for discrimination in rental housing by
sending a black couple to rent housing
without identifying themselves as
Human Rights investigators. But stff
a cuts have eliminated that program, he
'said.
Treadway said the division now con-
centrates on reacting to specific com-
plaints brought by city residents,
-rather than attacking the overall
problems of discrimination in housing,
employment and public buildings and
services,
'THE EXTENT of such discrimina-
tion in the city is unclear. Chauncey ex-
plained that the largest number of.
rcomplaints, 59 per cent, the department
-handles are charges of employment-
discrimination, with housing complain-
ts comprising 30 per cent. The depar-'
tment handles about 100 complaints a-
E Statewide, housing discrimination
complaints make up only three per cent
bf the cases brought. While the figures
are not proof, they suggest than Ann
Arbor landlords, operating in a seller's
market, discriminate more than lan-
dlors do statewide,
The division's approach to housing
and employment discrimination is to
secure housing or employment for the
victim through negotiation rather than
to punish the offender.
TREADWAY ALSO explains that the
department's tactics are in accordance
with reality: there are no magical
solutions to discrimination.
"We can't eradicate (discrimina-
tion), what we do is help those who are
damaged by it," he said.
'hat's because it is difficult to prove
discrimination, and the maximum fine
for someone found guilty of a violation
is only $500. The money goes to the city,
not the victim.
DESPITE THE magnitude of the
problem, City Council members who
approve all budget decisions made by
the city's administration - appear

uninterested in increasing funds for
Human Rights.
"I find no indication that we need a
bigger Human Rights department or
that they are not doing their job,"
declared David Fisher (R-Fourth
Ward).

has requested an evaluation of the
department's efficiency from Tread-
way, who took over in June. And while
Belcher said increased funding and
staff for the division is under con-
sideration, he predicted Council would
be skeptical of more funding because of

The Ir(Iinlatle d(oes
not1 5(11 1that1 ie aregoilig
to cre ale fa gardIen o f
li,,,ifs. ...
-Robe'rt Tread ceii.
I'e rsiopi tel/ilui (10
directo()r

want to know what they're going to get"
before they approve additional funding
for Personnel/Human Rights.
DEMOCRATIC council member Ken
Latta (D-First Ward) criticized the
mayor and administration for insuf-
ficieht leadership in Human Rights.
Latta said that, above all, the depar-
tment should "aggressively" pursue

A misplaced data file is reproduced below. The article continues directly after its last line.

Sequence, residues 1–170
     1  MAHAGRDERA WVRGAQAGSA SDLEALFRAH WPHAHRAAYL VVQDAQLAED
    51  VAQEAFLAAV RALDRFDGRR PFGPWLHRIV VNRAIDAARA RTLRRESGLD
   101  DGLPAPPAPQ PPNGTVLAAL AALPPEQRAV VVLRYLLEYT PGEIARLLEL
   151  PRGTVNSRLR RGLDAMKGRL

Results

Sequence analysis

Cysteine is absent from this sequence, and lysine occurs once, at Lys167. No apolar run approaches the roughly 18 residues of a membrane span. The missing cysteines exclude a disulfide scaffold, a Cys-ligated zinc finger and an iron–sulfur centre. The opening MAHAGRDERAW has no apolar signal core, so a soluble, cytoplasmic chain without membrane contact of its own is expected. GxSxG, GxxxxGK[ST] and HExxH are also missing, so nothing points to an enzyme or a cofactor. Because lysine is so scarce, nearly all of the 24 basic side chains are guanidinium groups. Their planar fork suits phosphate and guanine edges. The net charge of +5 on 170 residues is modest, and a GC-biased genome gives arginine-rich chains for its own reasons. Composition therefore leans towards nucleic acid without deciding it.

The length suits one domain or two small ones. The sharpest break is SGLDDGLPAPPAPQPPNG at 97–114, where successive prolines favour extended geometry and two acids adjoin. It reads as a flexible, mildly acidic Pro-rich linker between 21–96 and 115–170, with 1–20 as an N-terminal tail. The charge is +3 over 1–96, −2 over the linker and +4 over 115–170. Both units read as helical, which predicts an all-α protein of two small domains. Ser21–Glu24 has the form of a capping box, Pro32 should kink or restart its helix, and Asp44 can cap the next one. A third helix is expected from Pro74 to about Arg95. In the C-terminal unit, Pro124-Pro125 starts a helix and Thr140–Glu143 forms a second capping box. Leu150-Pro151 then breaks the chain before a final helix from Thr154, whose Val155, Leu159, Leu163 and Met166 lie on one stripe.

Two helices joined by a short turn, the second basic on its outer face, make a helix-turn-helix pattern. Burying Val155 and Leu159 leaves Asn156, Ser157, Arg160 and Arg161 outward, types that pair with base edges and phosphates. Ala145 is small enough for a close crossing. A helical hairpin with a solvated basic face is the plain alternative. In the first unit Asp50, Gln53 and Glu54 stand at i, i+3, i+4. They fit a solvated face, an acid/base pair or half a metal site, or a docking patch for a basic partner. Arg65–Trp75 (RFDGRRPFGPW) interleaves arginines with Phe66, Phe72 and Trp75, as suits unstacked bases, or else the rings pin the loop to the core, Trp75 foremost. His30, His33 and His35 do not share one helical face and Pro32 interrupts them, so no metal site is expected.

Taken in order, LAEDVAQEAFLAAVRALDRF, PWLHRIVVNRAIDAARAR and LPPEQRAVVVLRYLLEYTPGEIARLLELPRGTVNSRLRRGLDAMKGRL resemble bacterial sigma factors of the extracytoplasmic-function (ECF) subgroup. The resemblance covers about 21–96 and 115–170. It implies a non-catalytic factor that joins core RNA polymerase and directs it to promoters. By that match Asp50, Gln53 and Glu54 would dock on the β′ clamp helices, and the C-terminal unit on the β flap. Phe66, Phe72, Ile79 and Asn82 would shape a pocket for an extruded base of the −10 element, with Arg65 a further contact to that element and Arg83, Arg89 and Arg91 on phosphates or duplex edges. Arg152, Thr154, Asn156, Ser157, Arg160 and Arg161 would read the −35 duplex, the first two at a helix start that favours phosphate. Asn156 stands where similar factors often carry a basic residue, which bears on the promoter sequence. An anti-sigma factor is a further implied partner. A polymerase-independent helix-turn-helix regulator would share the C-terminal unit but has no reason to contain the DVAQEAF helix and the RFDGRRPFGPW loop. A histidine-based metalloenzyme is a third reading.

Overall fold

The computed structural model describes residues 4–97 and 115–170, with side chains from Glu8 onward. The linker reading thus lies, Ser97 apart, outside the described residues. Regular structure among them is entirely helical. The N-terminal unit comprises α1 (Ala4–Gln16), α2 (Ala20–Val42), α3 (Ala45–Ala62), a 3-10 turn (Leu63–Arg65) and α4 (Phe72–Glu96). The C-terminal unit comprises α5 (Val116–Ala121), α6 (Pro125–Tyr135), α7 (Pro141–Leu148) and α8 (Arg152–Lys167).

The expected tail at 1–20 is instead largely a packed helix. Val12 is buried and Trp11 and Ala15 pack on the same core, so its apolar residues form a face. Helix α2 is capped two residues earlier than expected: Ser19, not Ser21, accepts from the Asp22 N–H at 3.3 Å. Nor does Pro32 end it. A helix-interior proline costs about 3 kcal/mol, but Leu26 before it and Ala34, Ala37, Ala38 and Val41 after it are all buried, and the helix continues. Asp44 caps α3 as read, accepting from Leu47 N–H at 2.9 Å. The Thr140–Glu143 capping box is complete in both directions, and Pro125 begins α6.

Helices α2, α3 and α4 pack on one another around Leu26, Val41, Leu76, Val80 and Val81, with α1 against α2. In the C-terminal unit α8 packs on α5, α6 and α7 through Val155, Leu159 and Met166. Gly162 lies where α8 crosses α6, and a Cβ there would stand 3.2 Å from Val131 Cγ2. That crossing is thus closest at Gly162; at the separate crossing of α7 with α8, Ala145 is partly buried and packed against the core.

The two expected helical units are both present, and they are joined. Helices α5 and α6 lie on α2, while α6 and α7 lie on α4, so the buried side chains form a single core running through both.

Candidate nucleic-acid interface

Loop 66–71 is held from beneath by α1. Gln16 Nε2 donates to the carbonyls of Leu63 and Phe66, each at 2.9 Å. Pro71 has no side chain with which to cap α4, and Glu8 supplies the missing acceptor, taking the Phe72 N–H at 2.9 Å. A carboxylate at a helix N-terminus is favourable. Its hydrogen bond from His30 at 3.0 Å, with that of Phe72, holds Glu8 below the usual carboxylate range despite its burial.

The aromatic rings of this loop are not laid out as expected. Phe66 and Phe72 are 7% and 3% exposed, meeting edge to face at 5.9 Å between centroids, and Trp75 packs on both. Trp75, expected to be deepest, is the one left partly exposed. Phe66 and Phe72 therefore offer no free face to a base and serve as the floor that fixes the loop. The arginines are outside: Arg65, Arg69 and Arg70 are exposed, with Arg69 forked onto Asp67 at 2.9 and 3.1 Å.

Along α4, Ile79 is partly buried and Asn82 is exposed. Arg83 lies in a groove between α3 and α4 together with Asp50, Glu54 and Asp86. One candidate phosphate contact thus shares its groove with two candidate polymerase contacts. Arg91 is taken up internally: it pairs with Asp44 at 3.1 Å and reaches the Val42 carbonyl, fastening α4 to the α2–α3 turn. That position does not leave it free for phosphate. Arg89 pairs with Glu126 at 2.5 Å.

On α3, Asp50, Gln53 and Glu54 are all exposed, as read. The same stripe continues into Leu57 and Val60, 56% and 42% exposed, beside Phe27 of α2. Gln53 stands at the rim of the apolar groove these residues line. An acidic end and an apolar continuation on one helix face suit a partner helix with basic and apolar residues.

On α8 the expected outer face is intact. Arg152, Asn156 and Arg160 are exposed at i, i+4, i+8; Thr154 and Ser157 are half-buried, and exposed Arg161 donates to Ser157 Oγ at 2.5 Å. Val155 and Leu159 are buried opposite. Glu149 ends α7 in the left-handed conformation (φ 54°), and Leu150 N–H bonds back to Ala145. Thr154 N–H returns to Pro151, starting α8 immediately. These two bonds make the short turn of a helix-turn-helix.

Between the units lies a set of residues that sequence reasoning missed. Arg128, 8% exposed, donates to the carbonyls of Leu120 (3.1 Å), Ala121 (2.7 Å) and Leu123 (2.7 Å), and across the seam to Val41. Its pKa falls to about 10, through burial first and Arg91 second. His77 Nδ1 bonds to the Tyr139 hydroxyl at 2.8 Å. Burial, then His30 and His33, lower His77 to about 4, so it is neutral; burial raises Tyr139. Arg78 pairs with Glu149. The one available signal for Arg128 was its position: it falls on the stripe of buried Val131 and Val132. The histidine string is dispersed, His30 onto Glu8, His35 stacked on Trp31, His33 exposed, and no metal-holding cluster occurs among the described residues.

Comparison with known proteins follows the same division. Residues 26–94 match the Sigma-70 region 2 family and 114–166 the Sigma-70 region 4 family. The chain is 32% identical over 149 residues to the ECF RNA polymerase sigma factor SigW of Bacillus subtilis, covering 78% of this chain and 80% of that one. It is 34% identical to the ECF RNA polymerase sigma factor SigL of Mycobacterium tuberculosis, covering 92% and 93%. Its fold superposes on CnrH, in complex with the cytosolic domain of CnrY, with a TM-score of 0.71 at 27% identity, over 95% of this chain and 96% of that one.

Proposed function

housing discrimination complaints, but
he said he was satisfied with the per-
formance of the Human Rights
'division. "They're doing all they can
with the funding they've got," Latta
said.
Tomorrow: Enforcing affirmative
action in the private sector.
Testimonv taken by the Warren
('onmission about J. F. Kennedy's
,assassination was released to the public
in 1974
ELTON JOHN'S
GREATEST HITS VOLUME 11

L Rackham Amphitheatre

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MANN THEATRES
VILLAGE4
M~375 N. MAPLE
769-1300

THE VERSION THEY WOULDN'T A DIFFERENT
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STARRING
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1979 MIDNI NowIN The On miel 3 Stoo es,

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Fisher and other Republican council
members, who control the city's purse
strings by holding seven of the eleven
council seats, said they judge the per-
formance of a department on the basis
of the number of complaints they
receive about it.
The consensus among Republican
city council members is that since they
have not 'eceived any complaints about
Human Rights, then the department is
doing its job.
MAYOR LOUIS BELCHER said he

Human Rights' history.
Six years ago, Belcher said, the
Human Rights department received the
highest level of funding in its history.
But he said the number of complaints
processed by the department then was
"minute."
"The next step in that whole depar-
tment is going to largely depend on the
recommendation of the director and the
(citizens' advisory) commission"
which advises the division. But Belcher
emphasized that "Council's going to

LW
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INSTANT
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FOR YOUR ALBUMS
IN GOOD SHAPE.
& _

ELTON GREAEST
JOHN , HITS

599

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I e 71

In Concert Hill Auditorium Nov. 29
MCA Records & Tapes

_.